On Scott Pilgrim's 10th Anniversary Its Creator Wonders Why The Game Is Impossible to Get

Scott Pilgrim vs. the World creator Bryan Lee O'Malley recently celebrated the tenth anniversary of the video game based on his graphic novel series. Unfortunately, due to reported licensing issues, the game by Ubisoft has been nearly impossible to get.

Aug 10 2020 is the 10th anniversary of the scott pilgrim game which has been unavailable for 6 of those years. no replies please... do not reply or retweet please

— Bryan Lee O'Malley (@bryanleeomalley) August 10, 2020

Yesterday, O'Malley shared the artwork he did for the video game. He tweeted, "Some of my storyboards from the Scott Pilgrim game. I did a bunch of art and writing for it."

Some of my storyboards from the Scott Pilgrim game... I did a bunch of art and writing for it pic.twitter.com/wPxN2KkOYT

— Bryan Lee O'Malley (@bryanleeomalley) August 10, 2020

The Seconds writer/artist jokingly teased, "I still have the Scott Pilgrim game on my PS3 and my Xbox, but I have lost the ability to hook up a game system. I don't know how cables work and now my arms have withered away."

Only those who downloaded the beat-'em-up game into their gaming systems can still play it today. Back in 2014, Scott Pilgrim vs. the World: The Game was delisted and pulled from Xbox Live Arcade and the PlayStation Network. According to IGN, the game was most likely removed due to licensing issues.

Anamanaguchi, the electronic band behind the game's soundtrack, recently spoke to Nintendo Life about their music being unavailable. Band member Luke Silas said it was "very sad" that only a select few can currently hear the Anamanaguchi score.

Scott Pilgrim
Scott Pilgrim vs. the World: The Game Ubisoft/Ubisoft

About a year ago, Anamanaguchi addressed false internet rumors and copyright claims. The electronic pop band was falsely accused of being responsible for the title being removed. On social media, the band asked Ubisoft and Universal to set the record straight by re-releasing the game.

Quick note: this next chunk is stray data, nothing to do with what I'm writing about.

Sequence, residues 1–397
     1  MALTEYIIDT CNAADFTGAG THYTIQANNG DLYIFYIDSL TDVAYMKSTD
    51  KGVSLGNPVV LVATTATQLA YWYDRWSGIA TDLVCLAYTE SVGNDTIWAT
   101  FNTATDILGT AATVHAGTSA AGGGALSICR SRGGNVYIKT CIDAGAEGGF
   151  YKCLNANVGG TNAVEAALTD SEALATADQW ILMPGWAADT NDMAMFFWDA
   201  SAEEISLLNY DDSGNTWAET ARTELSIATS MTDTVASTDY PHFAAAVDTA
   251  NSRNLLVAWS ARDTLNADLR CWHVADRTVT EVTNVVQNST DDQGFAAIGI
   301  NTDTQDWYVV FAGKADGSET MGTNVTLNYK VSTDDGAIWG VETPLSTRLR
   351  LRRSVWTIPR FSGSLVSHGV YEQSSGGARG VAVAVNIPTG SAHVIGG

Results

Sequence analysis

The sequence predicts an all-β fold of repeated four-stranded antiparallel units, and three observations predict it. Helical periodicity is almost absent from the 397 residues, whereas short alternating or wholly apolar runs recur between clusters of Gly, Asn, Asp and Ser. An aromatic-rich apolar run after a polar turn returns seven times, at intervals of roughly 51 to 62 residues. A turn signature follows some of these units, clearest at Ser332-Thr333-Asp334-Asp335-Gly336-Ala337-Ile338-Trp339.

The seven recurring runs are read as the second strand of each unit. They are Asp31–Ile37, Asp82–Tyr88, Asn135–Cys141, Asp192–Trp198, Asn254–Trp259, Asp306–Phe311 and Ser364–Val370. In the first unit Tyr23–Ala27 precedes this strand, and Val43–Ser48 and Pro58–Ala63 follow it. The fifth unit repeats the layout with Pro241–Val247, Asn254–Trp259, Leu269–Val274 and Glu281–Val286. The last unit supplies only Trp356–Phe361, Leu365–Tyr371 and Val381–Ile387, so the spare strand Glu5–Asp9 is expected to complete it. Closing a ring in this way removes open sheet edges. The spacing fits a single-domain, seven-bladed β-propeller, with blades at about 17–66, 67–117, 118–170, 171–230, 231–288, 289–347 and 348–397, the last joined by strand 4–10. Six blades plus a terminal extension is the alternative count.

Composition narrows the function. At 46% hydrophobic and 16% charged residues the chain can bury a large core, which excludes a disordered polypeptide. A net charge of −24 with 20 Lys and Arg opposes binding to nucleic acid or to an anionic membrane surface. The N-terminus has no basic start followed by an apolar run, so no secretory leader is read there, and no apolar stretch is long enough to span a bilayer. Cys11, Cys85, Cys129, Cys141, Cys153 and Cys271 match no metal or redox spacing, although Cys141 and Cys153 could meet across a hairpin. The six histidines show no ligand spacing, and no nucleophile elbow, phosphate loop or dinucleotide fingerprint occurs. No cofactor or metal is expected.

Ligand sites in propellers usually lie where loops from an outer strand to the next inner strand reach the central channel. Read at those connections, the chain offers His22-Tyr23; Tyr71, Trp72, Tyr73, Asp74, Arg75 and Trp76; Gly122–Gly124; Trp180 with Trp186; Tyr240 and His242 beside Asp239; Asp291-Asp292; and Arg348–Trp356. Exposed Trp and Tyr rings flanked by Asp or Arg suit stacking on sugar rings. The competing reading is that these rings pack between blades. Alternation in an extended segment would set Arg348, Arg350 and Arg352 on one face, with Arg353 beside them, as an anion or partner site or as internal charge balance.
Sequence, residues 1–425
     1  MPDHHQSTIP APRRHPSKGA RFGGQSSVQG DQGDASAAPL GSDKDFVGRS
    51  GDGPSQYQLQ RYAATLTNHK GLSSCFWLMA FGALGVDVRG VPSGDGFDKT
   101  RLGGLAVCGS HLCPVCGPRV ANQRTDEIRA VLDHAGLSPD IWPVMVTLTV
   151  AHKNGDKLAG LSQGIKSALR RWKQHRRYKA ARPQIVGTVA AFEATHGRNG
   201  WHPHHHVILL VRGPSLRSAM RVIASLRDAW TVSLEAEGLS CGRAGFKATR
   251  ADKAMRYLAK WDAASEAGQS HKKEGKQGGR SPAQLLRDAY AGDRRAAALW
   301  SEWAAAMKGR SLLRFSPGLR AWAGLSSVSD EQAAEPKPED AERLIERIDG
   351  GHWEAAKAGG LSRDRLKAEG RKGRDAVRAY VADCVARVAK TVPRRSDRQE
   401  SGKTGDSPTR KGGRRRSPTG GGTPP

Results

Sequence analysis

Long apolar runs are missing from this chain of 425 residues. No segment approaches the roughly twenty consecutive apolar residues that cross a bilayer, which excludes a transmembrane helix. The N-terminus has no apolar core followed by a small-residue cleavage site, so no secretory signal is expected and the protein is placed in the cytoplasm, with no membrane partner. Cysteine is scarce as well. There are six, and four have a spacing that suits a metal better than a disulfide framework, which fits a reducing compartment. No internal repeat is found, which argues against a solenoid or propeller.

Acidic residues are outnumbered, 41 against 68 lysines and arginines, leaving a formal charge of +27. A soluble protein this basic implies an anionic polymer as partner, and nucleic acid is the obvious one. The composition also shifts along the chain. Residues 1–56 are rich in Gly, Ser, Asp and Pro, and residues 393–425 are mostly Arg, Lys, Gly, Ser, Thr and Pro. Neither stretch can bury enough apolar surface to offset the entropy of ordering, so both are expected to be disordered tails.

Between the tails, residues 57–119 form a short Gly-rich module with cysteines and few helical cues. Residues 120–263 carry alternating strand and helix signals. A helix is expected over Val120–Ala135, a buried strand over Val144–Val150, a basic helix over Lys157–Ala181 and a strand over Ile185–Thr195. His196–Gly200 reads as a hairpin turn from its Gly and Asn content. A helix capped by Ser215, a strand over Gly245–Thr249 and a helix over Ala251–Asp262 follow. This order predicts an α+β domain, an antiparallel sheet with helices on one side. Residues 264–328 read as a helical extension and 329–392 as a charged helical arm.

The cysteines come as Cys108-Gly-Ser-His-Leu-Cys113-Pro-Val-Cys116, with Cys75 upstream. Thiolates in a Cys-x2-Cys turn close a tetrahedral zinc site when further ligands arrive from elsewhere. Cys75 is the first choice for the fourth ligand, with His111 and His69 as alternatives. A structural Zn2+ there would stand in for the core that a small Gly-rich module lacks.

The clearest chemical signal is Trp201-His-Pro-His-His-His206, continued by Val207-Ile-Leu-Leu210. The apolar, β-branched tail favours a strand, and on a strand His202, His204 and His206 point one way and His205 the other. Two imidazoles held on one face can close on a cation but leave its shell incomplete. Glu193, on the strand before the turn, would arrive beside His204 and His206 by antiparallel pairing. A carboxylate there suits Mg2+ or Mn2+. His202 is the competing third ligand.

The band tweeted, "Can you guys, Ubisoft and Universal Pictures, figure out how to re-release the Scott Pilgrim game so people stop falsely accusing us of removing it from stores ourselves?"

we spoke about it openly since the day someone said we had anything to do with it being pulled-- it's not like this is the first time addressing it by any means, just surprising we still get hit up about it based off some wild rumor by some rando trying to start shit

— Anamanaguchi (@anamanaguchi) March 21, 2019

They added, "We spoke about it openly since the day someone said we had anything to do with it being pulled. It's not like this is the first time addressing it by any means. Just surprising we still get hit up about it based off some wild rumor by some rando trying to start sh*t."

Twitter user, @marthdotsr, asked the band if they had "made copyright claims" on their tracks for the Scott Pilgrim game. @marthdotsr asked, "Are you saying I can't have audio in my speedruns?"

@anamanaguchi stated, "We don't own the copyright to the music. Never did. Which is why we make no money on its album sales and no royalties off plays anywhere. So though we wish we could help, that decision is with Ubisoft or ABKCO Music & Records."

we don’t own the copyright to the music... never did — which is why we make no money on its album sales and no royalties off plays anywhere.

so though we wish we could help, that decision is with @Ubisoft or @ABKCO https://t.co/8nuX8MGIRG

— Anamanaguchi (@anamanaguchi) December 27, 2019

Newsweek reached out to Ubisoft for comment but did not hear back before publication.